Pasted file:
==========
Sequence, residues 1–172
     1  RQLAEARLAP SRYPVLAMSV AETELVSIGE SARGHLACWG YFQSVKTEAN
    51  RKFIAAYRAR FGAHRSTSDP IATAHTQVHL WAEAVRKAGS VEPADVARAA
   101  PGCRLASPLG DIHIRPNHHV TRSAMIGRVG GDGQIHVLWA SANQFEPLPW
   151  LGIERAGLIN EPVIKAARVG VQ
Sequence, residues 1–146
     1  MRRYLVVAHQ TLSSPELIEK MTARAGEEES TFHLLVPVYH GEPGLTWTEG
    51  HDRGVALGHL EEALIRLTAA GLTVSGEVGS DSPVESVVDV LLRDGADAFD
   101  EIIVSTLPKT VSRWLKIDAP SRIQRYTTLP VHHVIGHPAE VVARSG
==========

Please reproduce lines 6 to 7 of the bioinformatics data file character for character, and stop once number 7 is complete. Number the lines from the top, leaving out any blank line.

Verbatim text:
Sequence, residues 1–146
     1  MRRYLVVAHQ TLSSPELIEK MTARAGEEES TFHLLVPVYH GEPGLTWTEG